Want to turn your pup into your faithful paddling partner? Here are some tips from canoeists and kayakers who’ve done just that…
Gryphon is ready for his next canoe excursion
“Vermont Paddle Pups” 13 Tips for Canoeing with Your Dog
Sheila and Duncan Goss paddle with their two pups, Gryphon and Edgar, often—up to 130 days a year in northern New England where they live.
On their Vermont Paddle Pups website, they offer lots of recommendations they’ve found to work great when taking their dogs along in the canoe or kayak.
Here’s a synopsis of their article: Canine Canoeing: Our Tips for Successful Dog Paddling! (you can read the full article here ):
1. A dog that happily rides in a car will likely be a good candidate for paddling.
2. Start with a stable, family-friendly canoe. A non-aluminum boat is best, since aluminum is both noisy and can get very hot.
3. Lay a covering down on the floor so your dog feels stable. Outdoor carpeting is perfect for canoes, and they’ve found the adhesive “Punt Surf” traction mat (designed for SUPs) works well in kayaks.
Sheila Goss with her canoe partner, Edgar
4. Be confident with your own canoe/kayak skills before getting your dog acclimated to paddling. Choose quiet, calm water with an easy launch site for your first few trips out.
5. In the beginning, the fewer the distractions from other people, boats and dogs, the better!
6. Even if your dog loves to swim, have it wear a dog life jacket. It helps provide warmth in cold water, has a handle to help you lift, and is brightly colored so other boaters will see it in the water.
7. Train your dog well first—the basics of come, sit, stay, down, etc. And work on these skills in the boat on dry land before launching on the water. The Goss’s dogs started by sitting in back just in front of the stern paddler for better control. Once they had the idea, they “graduated” to their own spot in the boat.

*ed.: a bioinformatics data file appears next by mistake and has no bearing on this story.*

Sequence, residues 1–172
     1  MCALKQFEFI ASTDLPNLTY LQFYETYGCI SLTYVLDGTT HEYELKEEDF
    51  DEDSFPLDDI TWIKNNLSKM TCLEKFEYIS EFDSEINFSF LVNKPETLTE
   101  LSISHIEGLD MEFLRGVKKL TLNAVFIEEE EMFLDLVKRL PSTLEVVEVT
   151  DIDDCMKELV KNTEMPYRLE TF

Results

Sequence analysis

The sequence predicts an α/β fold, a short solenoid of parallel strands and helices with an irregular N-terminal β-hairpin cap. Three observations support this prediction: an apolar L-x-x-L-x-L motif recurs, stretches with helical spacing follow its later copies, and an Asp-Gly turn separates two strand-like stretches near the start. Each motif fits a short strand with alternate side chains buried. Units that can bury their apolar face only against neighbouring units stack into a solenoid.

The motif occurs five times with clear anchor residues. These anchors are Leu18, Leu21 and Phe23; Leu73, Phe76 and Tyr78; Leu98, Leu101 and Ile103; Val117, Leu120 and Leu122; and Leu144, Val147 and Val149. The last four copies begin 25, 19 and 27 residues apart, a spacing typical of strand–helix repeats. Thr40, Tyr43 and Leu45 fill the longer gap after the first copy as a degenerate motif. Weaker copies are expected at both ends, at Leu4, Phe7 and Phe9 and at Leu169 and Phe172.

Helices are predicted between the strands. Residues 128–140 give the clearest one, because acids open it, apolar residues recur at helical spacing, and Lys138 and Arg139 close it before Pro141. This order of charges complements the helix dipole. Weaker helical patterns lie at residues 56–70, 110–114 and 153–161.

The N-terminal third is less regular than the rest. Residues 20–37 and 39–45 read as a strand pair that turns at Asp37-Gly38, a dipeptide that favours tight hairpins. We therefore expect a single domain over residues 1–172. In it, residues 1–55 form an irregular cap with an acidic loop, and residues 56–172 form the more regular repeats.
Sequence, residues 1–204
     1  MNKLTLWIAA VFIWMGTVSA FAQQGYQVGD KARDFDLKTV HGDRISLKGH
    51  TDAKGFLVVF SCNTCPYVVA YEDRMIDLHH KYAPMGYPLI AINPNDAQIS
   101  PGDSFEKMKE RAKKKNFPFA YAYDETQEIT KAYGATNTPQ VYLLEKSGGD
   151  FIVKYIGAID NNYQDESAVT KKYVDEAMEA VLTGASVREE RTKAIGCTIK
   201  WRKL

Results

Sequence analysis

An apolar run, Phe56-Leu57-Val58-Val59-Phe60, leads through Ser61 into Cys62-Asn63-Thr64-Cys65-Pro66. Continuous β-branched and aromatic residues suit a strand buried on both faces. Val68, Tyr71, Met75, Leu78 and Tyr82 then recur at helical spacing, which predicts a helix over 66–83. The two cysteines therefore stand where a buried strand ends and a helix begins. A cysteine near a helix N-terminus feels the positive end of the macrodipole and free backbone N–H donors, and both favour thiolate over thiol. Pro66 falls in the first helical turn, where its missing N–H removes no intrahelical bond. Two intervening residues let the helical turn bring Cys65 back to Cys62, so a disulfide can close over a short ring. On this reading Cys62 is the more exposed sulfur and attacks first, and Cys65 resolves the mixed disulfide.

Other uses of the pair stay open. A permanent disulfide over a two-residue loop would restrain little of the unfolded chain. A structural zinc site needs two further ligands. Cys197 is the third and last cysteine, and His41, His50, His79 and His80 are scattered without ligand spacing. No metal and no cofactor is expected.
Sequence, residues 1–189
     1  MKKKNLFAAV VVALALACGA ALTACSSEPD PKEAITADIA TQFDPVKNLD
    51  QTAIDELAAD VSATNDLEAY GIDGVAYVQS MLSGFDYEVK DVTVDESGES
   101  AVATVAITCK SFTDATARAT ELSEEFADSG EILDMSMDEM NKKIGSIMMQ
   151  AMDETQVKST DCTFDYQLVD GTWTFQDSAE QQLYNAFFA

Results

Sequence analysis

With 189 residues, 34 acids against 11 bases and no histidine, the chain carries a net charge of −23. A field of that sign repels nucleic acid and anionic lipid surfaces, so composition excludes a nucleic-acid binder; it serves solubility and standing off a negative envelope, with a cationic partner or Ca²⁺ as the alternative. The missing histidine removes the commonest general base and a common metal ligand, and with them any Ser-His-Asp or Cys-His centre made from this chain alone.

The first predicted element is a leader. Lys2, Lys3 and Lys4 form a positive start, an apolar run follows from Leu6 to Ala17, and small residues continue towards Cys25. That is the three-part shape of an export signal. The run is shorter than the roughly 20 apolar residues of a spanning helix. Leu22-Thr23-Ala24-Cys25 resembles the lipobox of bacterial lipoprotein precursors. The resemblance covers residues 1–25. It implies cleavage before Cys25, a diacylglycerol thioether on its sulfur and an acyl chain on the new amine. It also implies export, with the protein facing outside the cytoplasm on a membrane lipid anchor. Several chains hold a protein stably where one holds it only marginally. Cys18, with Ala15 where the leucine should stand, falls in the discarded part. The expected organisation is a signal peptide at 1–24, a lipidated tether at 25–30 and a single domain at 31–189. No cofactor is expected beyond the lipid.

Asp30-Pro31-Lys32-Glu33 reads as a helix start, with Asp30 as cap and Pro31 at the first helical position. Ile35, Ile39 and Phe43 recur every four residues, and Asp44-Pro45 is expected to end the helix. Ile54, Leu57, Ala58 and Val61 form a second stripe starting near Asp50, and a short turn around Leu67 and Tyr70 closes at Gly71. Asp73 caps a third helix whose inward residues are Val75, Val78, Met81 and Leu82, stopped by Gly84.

8. Practice paddling etiquette—don’t allow your dog to bark! Not only will it annoy other boaters, but it’ll harass any local wildlife.
9. Have a standard routine for your dog when getting in and out of the boat, and make sure it knows you’re in charge.
Duncan Goss and Edgar in the kayak
10. Keep a short leash with you, both for getting to your launch site and while in the boat—although don’t leash your dog to the boat. The Goss’s like the Ruffwear Quick Draw Leash . (Ruffwear also sells dog PFDs)
11. Keep drinking water and bowls for your pups in the boat. Drinking lake water from the boat can be hazardous for your stability!
12. Keep first aid supplies for your dog in your first aid kit, in case you come across broken glass and other hazards on the shore.
13. Start with short trips and move up to longer ones as your dog acclimates to the paddling experience. And have fun!
Those are great tips from some paddling pup pros. Follow these recommendations and everyone will have a fun and safe paddle.
The Goss Family out in the canoe
Thanks to Sheila and Duncan for their tips and great photos!)
Tips from Our Instagram Followers
Many of our Instagram followers were generous with their advice, too. Here’s what they had to say about paddling with your dog(s):
Matt Vaughn kayaks with his pooch, Camille. His advice is:
• Have patience—it can take time for them to get used to the new experience of being on the water.
• Have a spot that is theirs—just like in your house they have a spot that they can go to be comfortable, give them the
same consideration on a kayak or boat.
• Start on calm water—most animals don’t enjoy rapid changes to their environment. Avoid heavy rapids, they won’t enjoy them, which in turns means you won’t enjoy them.
• Give your pet a life jacket or “boat coat”—just like you would for your children.
• A snack for your pet is always a good way to distract them and help get them used to floating.
Matt Vaughn and Camille on a Missouri river
Damian Privitera canoes with his dog, Miley, in Connecticut. His top tips include:
Try to tire your dog out a bit before going paddling, either with a trip to a dog park or a brisk walk.
Get your dog comfortable in the boat on land before trying to go out on the water.
Damian Privitera and Miley canoeing in Connecticut (photo courtesy of Evan Perkoski)
Ryan Bryer canoes with his dog, Rambo. Ryan’s advice is to bring a towel for the boat so your dog has his spot.
And an umbrella makes shade available for it on hot sunny days.
Ryan Bryer’s dog, Rambo, ready for a canoe ride in North Carolina
Caleb Proctor paddles with two dogs, Belle and Bailey. He also had some great tips:
• Have a towel for your pup to lay on, kayaks get hot.
• Always have clean water and water bowl in your kayak or canoe.
• Never leash them to the kayak, it’s best for the dog to have freedom to move and it’s much safer for them if something happens.
• When fishing be extra mindful of what you and your dog are doing, especially when landing a fish. I have taken a couple baths from both my dog and myself leaning too hard in one direction!
• And finally just remember to have fun. It can be a stressful situation when first getting your pet used to being in a kayak, but with patience you’ll have a faithful paddling buddy in no time.
We sure appreciate everyone’s tips on paddling with your dog! Thanks to all of you who contributed.